Huge efforts have been made to improve the level of education in the Arab world, but much of that effort has focused on eradicating illiteracy while reading for pleasure has largely been ignored on a national planning level.
It has long been established that reading is essential to the linguistic development and cognitive skills of children. Equally important is the way in which reading stimulates their imagination and studies have shown that recreational reading also fosters empathy.
In Jordan, parents and schools tend to emphasise the importance of academic learning. For many parents, children’s school marks and exam results are what really count. Recreational reading is not considered a top priority. The availability of original material in Arabic written for children also lags behind English language books.
Jordan’s illiteracy rate stands at 4 percent according to UN figures, a relatively low figure compared to other countries in the region. But Jordan lacks adequate public places for reading with libraries under-utilised and not regularly updated.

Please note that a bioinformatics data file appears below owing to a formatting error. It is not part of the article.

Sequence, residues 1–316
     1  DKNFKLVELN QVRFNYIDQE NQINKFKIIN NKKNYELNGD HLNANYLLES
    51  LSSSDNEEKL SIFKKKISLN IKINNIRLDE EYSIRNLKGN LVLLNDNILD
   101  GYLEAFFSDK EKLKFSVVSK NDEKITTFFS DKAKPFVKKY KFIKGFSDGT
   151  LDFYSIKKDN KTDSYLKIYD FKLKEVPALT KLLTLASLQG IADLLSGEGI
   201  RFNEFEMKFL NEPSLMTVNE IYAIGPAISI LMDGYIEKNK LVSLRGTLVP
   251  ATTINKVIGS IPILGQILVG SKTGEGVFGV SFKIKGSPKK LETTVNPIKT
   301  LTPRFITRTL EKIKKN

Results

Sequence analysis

Taghyeer was established in 2006 with the aim of promoting recreational reading. It began with reading allowed storytelling sessions for children in mosques. Today, the We Love Reading programme aims to foster a love of reading for children through reading aloud sessions in mosques, churches, schools, community centres, hospitals and at the Zaatari camp for Syrian refugees in Jordan.
Taghyeer has also developed a number of books in Arabic with messages for children on conservation, energy and littering. Taghyeer’s long-term goal is to have a library in every neighbourhood.
The organisation has now set up 400 libraries across Jordan and trained 800 women to read aloud to the children. Taghyeer has reached over 15,000 children so far.
Photos: Abdulrhem Arjan/Stars Foundation